A partnership between Rio Tinto Kennecott and the Brigham Young University (BYU) has started bearing fruit for improved reclamation at the Bingham Canyon mine, in Utah, in the US.
The mine is one of the largest man-made openpit excavations in the world, having produced more than 20-million tons of refined copper ore in the past 116 years.
A group of students and professors from the Utah-based university’s plant and wildlife sciences department in June last year broke ground on four research projects on land areas surrounding the mine, which aimed to increase plant diversity, stability and enhance the aesthetics of areas visible from the Salt Lake Valley.
Rio Tinto Kennecott and BYU have since set out to develop innovative and sustainable solutions for improved reclamation at the mine.
“This partnership is helping Rio Tinto Kennecott to continue improving the quality of its reclamation efforts and give our students the opportunity to learn skills that will benefit them in their future employment.
“The restoration we are doing in these areas can benefit Utah’s land and community by bringing back native vegetation, improving the site for wildlife habitat, air quality and the viewshed here in Utah,” says BYU plant and wildlife science associate Professor Matt Madsen.
Rio Tinto Kennecott MD Gaby Poirier says the company takes pride in its commitment to the environment, adding that the partnership with BYU is an important step in advancing sustainable outcomes.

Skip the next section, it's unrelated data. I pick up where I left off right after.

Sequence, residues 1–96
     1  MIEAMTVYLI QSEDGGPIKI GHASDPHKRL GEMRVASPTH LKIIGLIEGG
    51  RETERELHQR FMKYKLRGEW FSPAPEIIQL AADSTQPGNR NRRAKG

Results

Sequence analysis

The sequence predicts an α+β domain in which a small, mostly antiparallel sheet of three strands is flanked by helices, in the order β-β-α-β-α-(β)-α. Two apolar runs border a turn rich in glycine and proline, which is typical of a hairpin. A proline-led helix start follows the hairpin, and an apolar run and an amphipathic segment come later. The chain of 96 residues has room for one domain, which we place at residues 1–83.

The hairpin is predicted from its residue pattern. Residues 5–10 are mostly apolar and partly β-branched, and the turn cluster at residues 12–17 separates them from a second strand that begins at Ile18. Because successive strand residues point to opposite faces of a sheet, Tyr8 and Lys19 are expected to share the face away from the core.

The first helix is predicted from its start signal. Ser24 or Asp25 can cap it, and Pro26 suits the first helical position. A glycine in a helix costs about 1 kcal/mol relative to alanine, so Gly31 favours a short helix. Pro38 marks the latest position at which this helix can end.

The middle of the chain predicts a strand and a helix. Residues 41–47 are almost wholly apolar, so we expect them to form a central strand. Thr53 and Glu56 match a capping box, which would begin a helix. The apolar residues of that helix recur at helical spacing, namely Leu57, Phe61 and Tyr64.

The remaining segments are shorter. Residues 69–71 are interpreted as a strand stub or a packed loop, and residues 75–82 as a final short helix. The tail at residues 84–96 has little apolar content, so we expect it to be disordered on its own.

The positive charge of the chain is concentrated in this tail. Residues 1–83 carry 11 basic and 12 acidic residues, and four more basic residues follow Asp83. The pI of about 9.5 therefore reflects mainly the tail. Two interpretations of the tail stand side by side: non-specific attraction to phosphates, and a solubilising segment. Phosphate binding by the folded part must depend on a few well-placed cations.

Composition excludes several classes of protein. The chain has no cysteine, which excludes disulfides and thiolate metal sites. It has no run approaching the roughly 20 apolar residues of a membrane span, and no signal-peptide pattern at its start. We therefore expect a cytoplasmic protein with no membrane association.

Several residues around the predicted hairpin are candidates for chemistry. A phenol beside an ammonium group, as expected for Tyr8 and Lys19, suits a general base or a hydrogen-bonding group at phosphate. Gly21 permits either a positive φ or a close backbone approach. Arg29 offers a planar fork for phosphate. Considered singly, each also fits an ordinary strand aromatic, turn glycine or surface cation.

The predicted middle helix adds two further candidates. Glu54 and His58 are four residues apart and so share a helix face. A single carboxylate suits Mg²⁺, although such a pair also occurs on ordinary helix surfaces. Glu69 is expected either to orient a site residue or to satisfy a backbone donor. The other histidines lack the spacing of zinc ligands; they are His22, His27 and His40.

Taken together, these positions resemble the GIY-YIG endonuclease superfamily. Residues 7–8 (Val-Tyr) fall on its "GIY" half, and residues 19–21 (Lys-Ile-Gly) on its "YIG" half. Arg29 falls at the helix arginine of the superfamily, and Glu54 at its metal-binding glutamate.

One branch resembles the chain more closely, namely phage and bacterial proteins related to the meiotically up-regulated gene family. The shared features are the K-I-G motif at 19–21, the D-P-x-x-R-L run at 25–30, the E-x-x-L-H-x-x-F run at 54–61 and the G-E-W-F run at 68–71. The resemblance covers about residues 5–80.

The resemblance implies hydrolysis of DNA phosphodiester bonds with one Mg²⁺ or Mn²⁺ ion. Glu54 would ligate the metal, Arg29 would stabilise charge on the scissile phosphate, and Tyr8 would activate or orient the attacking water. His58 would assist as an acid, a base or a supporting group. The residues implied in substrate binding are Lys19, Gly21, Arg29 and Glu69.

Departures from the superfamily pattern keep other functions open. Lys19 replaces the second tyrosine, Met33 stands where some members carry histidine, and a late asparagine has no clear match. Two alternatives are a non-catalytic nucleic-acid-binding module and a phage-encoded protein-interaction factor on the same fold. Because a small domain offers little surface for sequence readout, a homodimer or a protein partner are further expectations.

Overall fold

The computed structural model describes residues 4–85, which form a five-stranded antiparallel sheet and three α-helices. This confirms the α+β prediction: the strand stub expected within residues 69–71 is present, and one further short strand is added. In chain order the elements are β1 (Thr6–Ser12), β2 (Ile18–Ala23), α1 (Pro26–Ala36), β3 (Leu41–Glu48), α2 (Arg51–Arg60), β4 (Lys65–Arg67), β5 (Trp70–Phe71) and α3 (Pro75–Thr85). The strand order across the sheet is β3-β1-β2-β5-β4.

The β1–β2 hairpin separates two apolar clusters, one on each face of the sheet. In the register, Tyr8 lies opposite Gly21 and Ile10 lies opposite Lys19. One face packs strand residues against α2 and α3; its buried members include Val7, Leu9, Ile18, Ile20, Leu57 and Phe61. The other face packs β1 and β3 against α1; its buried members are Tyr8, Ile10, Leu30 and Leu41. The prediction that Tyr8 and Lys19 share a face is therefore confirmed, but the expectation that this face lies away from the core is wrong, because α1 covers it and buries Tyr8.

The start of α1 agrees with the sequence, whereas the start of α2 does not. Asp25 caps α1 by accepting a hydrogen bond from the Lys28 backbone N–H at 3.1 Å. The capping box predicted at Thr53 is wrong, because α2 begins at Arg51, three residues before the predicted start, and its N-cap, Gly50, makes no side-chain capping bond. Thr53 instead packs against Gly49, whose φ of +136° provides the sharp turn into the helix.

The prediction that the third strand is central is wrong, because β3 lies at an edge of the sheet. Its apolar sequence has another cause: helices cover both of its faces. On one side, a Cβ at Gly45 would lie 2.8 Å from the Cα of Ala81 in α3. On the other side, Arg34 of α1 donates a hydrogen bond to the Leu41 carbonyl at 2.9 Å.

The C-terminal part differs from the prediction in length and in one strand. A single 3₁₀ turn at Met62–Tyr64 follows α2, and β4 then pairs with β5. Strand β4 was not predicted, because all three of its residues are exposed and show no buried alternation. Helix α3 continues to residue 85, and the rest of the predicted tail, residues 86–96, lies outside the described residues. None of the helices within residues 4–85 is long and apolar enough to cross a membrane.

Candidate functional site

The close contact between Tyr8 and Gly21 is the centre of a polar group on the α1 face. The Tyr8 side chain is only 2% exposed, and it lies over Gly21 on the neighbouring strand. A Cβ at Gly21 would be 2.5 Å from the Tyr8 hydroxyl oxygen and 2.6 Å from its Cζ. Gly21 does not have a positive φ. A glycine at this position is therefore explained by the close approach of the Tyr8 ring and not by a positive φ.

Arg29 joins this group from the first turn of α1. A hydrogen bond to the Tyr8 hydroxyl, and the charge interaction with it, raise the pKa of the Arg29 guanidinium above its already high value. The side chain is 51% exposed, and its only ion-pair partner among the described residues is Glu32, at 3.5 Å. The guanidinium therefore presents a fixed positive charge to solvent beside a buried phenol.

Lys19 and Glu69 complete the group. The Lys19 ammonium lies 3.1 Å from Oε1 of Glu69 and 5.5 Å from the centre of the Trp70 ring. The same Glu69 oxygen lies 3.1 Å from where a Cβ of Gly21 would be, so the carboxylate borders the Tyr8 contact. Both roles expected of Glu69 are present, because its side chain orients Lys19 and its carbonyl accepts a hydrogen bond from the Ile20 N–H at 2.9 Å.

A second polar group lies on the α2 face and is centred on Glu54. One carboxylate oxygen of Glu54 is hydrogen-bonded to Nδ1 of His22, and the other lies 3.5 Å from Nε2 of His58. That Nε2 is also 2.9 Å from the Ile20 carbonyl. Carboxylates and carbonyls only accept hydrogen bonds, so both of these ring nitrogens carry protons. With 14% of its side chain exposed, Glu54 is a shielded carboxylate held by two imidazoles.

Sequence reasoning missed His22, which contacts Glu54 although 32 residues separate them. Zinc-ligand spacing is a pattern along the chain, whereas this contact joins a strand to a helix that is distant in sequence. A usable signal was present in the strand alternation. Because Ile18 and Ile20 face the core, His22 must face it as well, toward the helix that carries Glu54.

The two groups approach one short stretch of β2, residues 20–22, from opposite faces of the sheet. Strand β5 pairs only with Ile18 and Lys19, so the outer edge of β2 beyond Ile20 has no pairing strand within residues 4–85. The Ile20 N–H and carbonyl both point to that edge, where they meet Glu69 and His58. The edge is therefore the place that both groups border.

“Joining forces with BYU professors and students to apply the latest environmental research to further improve our effort is extremely rewarding. This joint project is mutually beneficial for Rio Tinto Kennecott, BYU and our surrounding communities.
“We hope this project will be a stepping stone for future collaboration that helps improve reclamation work at other locations in Salt Lake City and more widely,” adds Poirier.
The partnership is employing 12 students on six different projects for the next three years.
Study objectives include engineering seed coatings to increase seeding success, understanding the vital role of Curlleaf Mountain Mahogany, more effectively establishing perennial grasses and improving the viewshed of waste rock areas.
CASE IN POINT
BYU graduate student Alex Larson’s Saints Rest biodiversity study is working to increase the diversity of plants on reclamation land by introducing shrubs and forbs that match the surrounding landscape, using a technique inspired by the process of how anti-epileptic medications work.
“When anti-epileptic medications are taken, the compounds that treat the symptoms are embedded in a biodegradable polymer, essentially a biodegradable plastic, which dissolves after ingestion, so it slows the release of the medication and increases its effectiveness,” says Larson.
She explains that the research team is applying this same method to seeds.
“We have a biodegradable biocompatible polymer coating embedded with a growth hormone wrapping the seeds we are planting. This coating will help increase the germination success on the site compared to what would exist naturally.”
Fellow graduate student Holley Lund is spearheading the Yosemite Waterboxx study nearby. Her team is working on growing woody species that match the surrounding hillsides.
Waterboxx irrigation technology maintains moisture in the soil during dry periods of the year so that seedlings can establish in the rocky soils. By the end of the project, they will have planted 656 shrubs and trees.
“Restoration has been done on this site before. It looks great during parts of the year; however, these particular species go dormant, turn brown and stand out from the native hillsides during other seasons.
“Our goal is to establish a woody species that will match the green textures of the surrounding mountainside, help with erosion and provide food for wildlife,” states Lund.